1. Skip to content
  2. Skip to main menu
  3. Skip to more DW sites

Germany to restart deportations to Afghanistan

June 22, 2017

Just weeks after a spate of attacks in Kabul forced Germany to halt deportations to Afghanistan, plans for more flights are reportedly afoot. Failed Afghan asylum-seekers could be forced home as early as next week.

German federal police officers prepare Germany's first group deportation of some 50 rejected Afghan asylum seekers in line with an agreement with Kabul
Image: Reuters/R. Orlowski

Germany to resume deportations to Afghanistan

Germany could restart its program of deportation of failed asylum-seekers to Afghanistan as soon as next week, German media reported on Thursday.

Germany halted its controversial deportation program earlier this month after the Afghan capital of Kabul was struck with one of its deadliest suicide bombings.

Separate reports from public broadcaster NDR and news magazine Der Spiegel said a new deportation flight to Kabul from Leipzig could leave on Wednesday.

Those reports were not officially confirmed.

Read more: The dark side of Germany's deportation policy

Read more: Things to know about deportations in Germany

After the bombing, Germany's federal and state governments agreed on a suspension of deportations to Afghanistan until a further security assessment by the Foreign Ministry. German Chancellor Angela Merkel said the halt would likely last until July.

No future for Afghan deportees

Merkel also said they would continue to deport criminals and security threats as well as those who did not want to release their identity.

Rights groups decry policy

Many German politicians and rights groups have long argued that Merkel's government was not justified in sending refugees back to Afghanistan due to safety concerns.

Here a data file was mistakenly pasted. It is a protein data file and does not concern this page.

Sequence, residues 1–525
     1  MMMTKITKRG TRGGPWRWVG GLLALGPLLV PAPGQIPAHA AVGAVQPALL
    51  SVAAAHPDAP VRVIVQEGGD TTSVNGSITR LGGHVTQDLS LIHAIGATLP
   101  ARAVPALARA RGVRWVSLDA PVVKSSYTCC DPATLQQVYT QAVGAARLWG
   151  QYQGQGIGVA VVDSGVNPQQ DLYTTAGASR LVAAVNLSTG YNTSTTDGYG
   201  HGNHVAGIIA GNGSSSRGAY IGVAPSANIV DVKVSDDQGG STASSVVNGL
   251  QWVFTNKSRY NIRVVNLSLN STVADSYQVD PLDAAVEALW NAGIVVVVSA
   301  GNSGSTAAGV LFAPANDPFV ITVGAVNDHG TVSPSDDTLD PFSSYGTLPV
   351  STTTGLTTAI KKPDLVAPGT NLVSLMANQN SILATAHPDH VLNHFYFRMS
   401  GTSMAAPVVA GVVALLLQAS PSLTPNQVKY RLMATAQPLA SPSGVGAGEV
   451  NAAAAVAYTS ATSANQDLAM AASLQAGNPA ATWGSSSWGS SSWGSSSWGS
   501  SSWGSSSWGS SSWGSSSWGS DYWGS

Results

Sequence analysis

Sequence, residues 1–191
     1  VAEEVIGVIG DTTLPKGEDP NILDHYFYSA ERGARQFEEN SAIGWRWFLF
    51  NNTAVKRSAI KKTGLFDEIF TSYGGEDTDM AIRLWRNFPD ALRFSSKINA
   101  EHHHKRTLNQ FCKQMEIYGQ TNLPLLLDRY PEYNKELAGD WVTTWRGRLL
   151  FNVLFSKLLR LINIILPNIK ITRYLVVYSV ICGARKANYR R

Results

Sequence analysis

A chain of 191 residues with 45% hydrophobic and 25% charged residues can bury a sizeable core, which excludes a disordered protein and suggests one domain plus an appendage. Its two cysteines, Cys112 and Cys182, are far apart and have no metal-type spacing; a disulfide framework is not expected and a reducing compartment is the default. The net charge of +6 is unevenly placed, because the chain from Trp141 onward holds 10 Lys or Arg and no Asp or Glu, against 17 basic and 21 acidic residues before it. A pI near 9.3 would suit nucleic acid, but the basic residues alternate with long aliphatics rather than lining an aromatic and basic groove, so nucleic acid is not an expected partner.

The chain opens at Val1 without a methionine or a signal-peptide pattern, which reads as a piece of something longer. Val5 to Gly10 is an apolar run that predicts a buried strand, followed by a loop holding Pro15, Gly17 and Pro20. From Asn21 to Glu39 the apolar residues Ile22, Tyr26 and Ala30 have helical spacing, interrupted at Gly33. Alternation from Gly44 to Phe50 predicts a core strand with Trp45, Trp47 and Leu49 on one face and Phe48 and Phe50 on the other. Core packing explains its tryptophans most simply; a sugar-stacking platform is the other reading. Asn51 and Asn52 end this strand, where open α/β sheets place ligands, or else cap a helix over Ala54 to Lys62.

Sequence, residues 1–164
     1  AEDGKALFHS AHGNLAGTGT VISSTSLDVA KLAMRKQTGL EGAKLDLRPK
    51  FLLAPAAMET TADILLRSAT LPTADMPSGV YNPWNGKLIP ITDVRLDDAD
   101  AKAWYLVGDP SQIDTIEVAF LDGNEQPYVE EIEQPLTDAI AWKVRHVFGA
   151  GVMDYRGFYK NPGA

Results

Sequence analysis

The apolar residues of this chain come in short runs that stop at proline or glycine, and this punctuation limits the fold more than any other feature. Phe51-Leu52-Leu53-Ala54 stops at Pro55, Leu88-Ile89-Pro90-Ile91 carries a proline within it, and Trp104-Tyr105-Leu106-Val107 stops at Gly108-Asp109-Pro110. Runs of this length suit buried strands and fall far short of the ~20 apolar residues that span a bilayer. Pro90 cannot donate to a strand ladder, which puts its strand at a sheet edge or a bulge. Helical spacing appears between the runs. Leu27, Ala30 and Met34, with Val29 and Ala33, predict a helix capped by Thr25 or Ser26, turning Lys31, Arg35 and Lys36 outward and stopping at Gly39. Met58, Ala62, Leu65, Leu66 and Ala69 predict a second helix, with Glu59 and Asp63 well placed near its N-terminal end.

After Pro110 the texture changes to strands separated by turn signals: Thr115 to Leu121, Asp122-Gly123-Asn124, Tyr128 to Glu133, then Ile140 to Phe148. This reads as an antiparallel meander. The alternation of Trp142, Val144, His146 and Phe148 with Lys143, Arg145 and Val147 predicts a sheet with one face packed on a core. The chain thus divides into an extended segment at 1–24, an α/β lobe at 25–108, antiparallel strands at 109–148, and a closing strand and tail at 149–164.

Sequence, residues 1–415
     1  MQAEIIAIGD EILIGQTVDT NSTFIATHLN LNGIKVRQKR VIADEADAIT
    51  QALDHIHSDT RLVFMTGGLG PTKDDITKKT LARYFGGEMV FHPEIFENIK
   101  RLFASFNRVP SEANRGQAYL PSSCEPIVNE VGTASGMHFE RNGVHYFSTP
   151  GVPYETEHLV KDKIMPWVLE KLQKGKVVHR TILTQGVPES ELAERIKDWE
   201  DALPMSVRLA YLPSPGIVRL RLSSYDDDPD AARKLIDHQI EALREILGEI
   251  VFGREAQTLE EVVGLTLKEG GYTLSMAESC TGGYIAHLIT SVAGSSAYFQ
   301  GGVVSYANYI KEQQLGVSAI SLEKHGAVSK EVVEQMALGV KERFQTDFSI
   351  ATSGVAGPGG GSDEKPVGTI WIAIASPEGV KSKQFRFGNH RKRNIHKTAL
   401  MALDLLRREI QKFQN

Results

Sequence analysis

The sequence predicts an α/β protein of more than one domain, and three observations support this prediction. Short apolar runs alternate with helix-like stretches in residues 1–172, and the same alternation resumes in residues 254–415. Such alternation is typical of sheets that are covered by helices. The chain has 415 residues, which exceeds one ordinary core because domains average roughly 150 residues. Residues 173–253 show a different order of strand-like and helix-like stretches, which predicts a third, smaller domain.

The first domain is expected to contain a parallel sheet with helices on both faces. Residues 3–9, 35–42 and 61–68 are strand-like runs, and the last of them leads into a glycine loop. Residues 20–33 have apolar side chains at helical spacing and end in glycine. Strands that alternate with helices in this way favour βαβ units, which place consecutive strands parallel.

Günter Burkhardt, head of the refugee rights organization, Pro Asyl, said it was "incomprehensible and appalling" that the deportations should begin again.

He also warned that the broad wording of the policy puts many Afghans in danger. Migrants seeking protection but who do not own a passport could be seen to be refusing to their release their identity, he said, adding that the terms "criminal" and "security risks" are also subjective and could be interpreted very broadly."

Between January and April 2017, Germany deported a total of 8,620 failed asylum-seekers, according to a report by Die Welt am Sonntag, which cited figures from Germany's federal police. Last year it deported more than 25,000.

Infografik Number of deportations versus voluntary returns from Germany 2012-16

Some 11,195 failed asylum-seekers returned to their home country voluntarily in the first four months of 2017. In 2016, a total of 54,006 people chose the voluntary return program, which covers certain costs, including travel expenses.

Read more: German Foreign Minister Gabriel calls for peace talks with Taliban

Read more: Afghanistan: sent back to a war zone

Dangers facing returnees

Despite Afghanistan not being on Germany's official list of "safe countries of origin," the federal government has nevertheless been pushing for speedier repatriations of failed asylum-seekers following last December's terror attack at a Berlin Christmas market. That attack was conducted by a failed Tunisian asylum-seeker authorities were not able to deport.

The federal government has repeatedly said that "some parts" of the country are now safe and therefore suitable for Afghan returnees, although several state governments are openly challenging this position, saying none of Afghanistan can yet be classified as safe.

Burkhardt said that Afghans returning from Europe find themselves in particular danger, pointing out that anyone found dressed in supposed western clothes would be immediately viewed as a collaborator with the west.

Afghanistan's deteriorating security situation prompted German Foreign Minister Sigmar Gabriel to call for peace talks with the Taliban earlier this month.

"One doesn't make peace with friends, rather with enemies,” Gabriel told the weekly Bild am Sonntag newspaper, saying the Taliban must be negotiated with in order to find a political solution in Afghanistan.

The radical Islamist movement still controls or influences nearly 40 percent of the country, proving their resiliency 16 years after a US-led invasion of the country.